They knew they needed to step up and run for political leadership, and they are up for the challenges that COVID-19 presents because their communities need compassionate, strong leaders, now more than ever

Women candidates are “doing the hard things” in campaigning so they can change systems and policies to improve the lives of their families, friends, and communities – which some would say is the greatest challenge of all. 

The challenges I faced in running for office – finding childcare for my kids while I made calls, raising money, getting volunteers active and energized for change, managing a full team, and doing it all while continuing my “normal” work life – are amplified in the COVID-19 pandemic. There are few, if any, childcare options available right now for those women seeking public office, but even if childcare were available, many states still do not have rules or allowances for campaign fund use for these expenses. It was only through the work of Liuba Gretchen Shirley, a candidate for Congress in 2018 who now supports moms running for office through her organization VoteMama, that federal candidates can use their campaign funds for this purpose. During this time of health crisis, familial support is even more complicated.  Reliance on grandparents and other family members, for instance, can no longer be assumed as the elderly and those with underlying health conditions are especially vulnerable doing these times. Hence, the support systems I relied upon to be able to survive the “hard times”are just not there for women running in 2020. The days when I had no help, when I had to make fundraising calls while trying to keep my kids occupied and on track with their school work, were the hardest. If a candidate has kids who are in virtual school now, that’s an additional barrier – how can you parent, campaign, and fundraise all at the same time? To say it’s exhausting is an understatement.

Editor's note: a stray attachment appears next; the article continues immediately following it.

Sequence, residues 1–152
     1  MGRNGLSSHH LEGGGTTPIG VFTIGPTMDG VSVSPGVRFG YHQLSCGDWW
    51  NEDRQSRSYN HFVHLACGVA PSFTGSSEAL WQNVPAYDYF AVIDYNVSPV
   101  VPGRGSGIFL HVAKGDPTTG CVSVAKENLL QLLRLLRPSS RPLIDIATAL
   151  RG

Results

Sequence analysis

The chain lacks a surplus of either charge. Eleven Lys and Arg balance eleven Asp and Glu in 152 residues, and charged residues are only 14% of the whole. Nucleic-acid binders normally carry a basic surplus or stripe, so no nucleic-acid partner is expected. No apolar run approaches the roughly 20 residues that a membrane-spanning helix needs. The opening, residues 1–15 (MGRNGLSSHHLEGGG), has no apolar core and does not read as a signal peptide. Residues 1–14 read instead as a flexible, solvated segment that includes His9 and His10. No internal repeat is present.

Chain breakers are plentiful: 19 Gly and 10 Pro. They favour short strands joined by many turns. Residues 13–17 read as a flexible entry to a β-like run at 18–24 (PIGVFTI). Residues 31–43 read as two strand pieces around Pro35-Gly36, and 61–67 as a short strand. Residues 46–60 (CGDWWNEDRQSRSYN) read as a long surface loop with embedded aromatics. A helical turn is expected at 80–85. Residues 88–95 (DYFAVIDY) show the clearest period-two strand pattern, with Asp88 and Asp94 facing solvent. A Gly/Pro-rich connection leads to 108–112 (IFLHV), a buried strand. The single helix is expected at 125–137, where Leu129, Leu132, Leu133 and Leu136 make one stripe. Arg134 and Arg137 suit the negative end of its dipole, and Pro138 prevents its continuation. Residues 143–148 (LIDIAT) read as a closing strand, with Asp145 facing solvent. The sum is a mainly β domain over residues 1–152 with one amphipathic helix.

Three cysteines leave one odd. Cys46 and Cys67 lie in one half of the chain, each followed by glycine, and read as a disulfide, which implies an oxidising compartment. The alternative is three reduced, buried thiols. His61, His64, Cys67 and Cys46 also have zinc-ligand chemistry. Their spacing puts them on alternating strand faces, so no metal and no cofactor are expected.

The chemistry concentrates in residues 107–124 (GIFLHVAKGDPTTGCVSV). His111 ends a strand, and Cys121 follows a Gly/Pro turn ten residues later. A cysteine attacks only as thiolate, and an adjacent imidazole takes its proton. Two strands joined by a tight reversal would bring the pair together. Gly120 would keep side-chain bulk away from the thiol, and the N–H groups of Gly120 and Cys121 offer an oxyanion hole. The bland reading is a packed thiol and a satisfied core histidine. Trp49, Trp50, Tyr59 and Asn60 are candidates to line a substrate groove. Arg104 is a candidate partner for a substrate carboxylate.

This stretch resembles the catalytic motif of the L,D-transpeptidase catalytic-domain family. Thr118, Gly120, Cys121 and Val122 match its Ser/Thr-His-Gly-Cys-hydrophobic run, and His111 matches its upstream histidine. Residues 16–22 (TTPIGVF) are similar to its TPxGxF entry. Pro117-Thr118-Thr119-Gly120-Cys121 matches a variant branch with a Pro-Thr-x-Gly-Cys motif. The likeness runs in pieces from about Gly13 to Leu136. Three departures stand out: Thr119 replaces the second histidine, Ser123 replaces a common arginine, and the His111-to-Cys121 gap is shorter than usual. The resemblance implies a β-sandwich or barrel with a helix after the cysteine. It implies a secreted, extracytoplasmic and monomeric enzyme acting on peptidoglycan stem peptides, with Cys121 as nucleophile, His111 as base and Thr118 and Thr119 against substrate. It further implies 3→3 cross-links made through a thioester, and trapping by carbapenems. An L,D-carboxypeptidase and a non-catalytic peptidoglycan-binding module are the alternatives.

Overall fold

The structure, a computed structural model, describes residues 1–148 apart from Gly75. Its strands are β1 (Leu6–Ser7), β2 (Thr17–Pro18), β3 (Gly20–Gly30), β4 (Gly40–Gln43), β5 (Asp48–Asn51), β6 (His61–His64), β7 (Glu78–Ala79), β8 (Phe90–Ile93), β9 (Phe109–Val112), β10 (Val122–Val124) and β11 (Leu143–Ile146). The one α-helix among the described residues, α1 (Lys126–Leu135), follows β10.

Campaigning in 2020 is also fundamentally different. Most candidates are not knocking on doors in the community or holding large fundraising events. In 2019, if I gave a particularly moving speech at an event, it was reflected in donations from those who heard me. The more money I raised, the less time I had to be on the phones asking for money and the more time I could spend talking directly to voters. While my team valued digital organizing and it was well-integrated into the campaign, it was not the foundation of our organizing plan. In 2020, digital organizing is considered the primary way (and in some instances, the only way) to reach voters. Texting and phone call programs are more active now than ever before. 

Recently, ReflectUS had an excellent conversation with Dr. Anne Moses, ReflectUS Board member and CEO and Founder of IGNITE National during our Fireside Chat Series.  We learned that younger women are running for office up and down the ballot now more than ever before.  They are having success in the time of COVID-19 because they are experts in digital organizing. Young women have been doing digital organizing their entire lives, and know how to get people engaged. Young women are fired up this year and are leaning into their own power. Yet, they also face crushing economic instability with an unstable job market. Consequently, they’re figuring out how to navigate the political world while grappling with harsh economic realities. 

Prior to the pandemic, campaign life for women was hard. Now, the intensity has only increased. Thankfully there are organizations and groups of committed women addressing the myriad of hardships women candidates face. Consequently, we’re still seeing women run up and down the ballot – across party lines – persevering towards the goal.  The words of my friend still rings true, “[Women] can do hard things.” I’m confident that we will solve the problems of systems designed to shut out most people from government power – and build a path for others to follow. Yes, we can do hard things…but maybe it won’t always be this hard. 

Amanda Pohl is the Programs Director for ReflectUS, a national, nonpartisan coalition working to increase the number of women in office and achieve equal representation across the racial, ideological, ethnic, and geographic spectrum.